Ukraine crisis: 'Military threat from east to remain' despite truce
Ukraine's President Petro Poroshenko has said a "military threat from the east" will remain even if a ceasefire holds between government troops and pro-Russian rebels in the east.
Mr Poroshenko's warning is widely seen as an indirect reference to Russia.
Ukraine and the West accuse Russia of helping the rebels with weapons and soldiers - a claim denied by Moscow.
Ukraine's military said on Friday that three soldiers had been killed in the past 24 hours despite the truce.
Another seven soldiers were wounded, Ukrainian military spokesman Andriy Lysenko said at a news briefing.
That followed 48 hours during which the Ukrainian military said it had suffered no deaths, boosting hopes that the ceasefire might hold.
Both Ukraine and the rebels say they are now withdrawing their heavy weapons from the front line under the terms of the ceasefire agreed in Minsk, Belarus.
The process is yet to be officially confirmed by international monitors from the Organization for Security and Co-operation in Europe (OSCE).
The ceasefire came into effect on 15 February but the rebels seized the key town of Debaltseve just days later.
Fighting began in Ukraine's eastern Donetsk and Luhansk regions - known as Donbas - in April, a month after Russia annexed the Crimea peninsula.
Almost 5,800 people have died since then, the UN has estimated, while at least 1.25 million have fled their homes since the conflict began.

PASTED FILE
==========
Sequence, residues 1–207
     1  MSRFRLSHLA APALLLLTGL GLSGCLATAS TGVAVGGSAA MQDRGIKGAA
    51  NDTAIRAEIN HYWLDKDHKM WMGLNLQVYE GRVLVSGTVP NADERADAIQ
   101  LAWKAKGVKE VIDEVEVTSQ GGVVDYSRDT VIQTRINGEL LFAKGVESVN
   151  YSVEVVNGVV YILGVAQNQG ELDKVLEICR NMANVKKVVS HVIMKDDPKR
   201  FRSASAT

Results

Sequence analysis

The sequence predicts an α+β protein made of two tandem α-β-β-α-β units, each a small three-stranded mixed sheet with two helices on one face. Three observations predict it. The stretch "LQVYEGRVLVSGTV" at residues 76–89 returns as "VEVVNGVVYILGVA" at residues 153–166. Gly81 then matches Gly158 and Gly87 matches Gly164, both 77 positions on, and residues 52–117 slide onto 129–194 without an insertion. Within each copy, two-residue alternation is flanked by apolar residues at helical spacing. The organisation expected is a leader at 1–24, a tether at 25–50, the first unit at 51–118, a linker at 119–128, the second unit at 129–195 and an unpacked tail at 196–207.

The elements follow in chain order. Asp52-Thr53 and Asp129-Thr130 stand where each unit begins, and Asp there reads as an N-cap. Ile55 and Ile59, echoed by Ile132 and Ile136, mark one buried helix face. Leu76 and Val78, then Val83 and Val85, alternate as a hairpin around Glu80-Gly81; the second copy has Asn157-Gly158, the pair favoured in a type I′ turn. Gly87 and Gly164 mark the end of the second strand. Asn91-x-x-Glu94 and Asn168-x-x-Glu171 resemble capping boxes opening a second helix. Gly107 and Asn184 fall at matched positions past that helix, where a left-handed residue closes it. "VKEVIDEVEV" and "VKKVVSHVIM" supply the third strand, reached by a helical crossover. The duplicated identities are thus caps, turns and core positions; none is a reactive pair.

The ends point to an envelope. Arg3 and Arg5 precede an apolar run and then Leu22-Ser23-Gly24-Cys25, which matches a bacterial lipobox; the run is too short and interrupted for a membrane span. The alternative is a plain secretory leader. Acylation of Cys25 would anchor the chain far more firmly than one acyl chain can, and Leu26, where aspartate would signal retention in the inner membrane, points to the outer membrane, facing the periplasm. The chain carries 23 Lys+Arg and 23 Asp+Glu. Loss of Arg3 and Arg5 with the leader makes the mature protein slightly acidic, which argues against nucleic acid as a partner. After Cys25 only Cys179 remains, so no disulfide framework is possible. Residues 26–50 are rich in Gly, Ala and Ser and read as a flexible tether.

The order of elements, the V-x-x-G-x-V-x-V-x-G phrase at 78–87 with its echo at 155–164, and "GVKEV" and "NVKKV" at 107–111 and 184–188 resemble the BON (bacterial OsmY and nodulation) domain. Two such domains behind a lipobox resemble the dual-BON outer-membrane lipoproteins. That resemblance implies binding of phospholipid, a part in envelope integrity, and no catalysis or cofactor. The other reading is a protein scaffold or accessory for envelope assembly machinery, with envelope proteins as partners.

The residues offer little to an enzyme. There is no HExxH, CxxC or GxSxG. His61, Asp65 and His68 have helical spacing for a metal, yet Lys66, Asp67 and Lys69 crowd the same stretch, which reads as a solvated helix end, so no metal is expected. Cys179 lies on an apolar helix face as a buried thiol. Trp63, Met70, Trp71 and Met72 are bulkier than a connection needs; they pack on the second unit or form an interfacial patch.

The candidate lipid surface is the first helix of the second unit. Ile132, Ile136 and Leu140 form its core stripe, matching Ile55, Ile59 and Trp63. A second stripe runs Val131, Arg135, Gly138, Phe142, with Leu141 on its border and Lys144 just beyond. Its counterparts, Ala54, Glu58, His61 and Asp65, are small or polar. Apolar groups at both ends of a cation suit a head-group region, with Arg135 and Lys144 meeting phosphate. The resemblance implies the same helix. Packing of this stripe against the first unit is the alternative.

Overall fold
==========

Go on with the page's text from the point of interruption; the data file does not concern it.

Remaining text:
In other developments on Friday:
- Spanish police announced the arrest of eight Spaniards suspected of fighting alongside pro-Russian rebels
- the UN Security Council is to hold an emergency session on the Ukraine crisis
- Russian President Vladimir Putin cut the salaries of his administration employees by 10% as Moscow seeks to tackle a big fall in revenues caused by lower oil prices and Western sanctions
'Ready any time'
Speaking at Ukraine's National Defence University in Kiev on Friday, Mr Poroshenko said: "Even under the most optimistic scenario in Donbas... the military threat from the east would unfortunately remain."
He said this would require Ukraine to constantly strengthen the country's defensive capabilities.
The president also said the rebels were still violating the Minsk agreement, warning that the Ukrainian military was "ready any time" to bring back heavy weapons to the front line if the deal failed.
On Thursday, Ukraine said it began the pullout of 100mm calibre artillery from the front line, after none of its soldiers were killed for two days.
The separatist rebels in the self-proclaimed Donetsk People's Republic and Luhansk People's Republic say they have pulled out hundreds of pieces of artillery and other weapons over the past several days.
Associated Press journalists witnessed rebels moving four Grad rocket launchers back to a location 70km (44 miles) from the front on Friday.
AP reporters also saw Ukrainian troops pulling back 100mm anti-tank guns from the front line near the town of Artemivsk.
The OSCE special monitoring mission has said it has observed movement of trucks and howitzers in several rebel-held areas.
Under terms agreed in Minsk, both Ukraine's government forces and the rebels must pull out their heavy weapons, creating a buffer zone of at least 50km.
The Ukrainian government, Western leaders and Nato say there is clear evidence that Russia is helping the rebels with heavy weapons and soldiers.
Independent experts echo that accusation while Moscow denies it, insisting that any Russians serving with the rebels are "volunteers".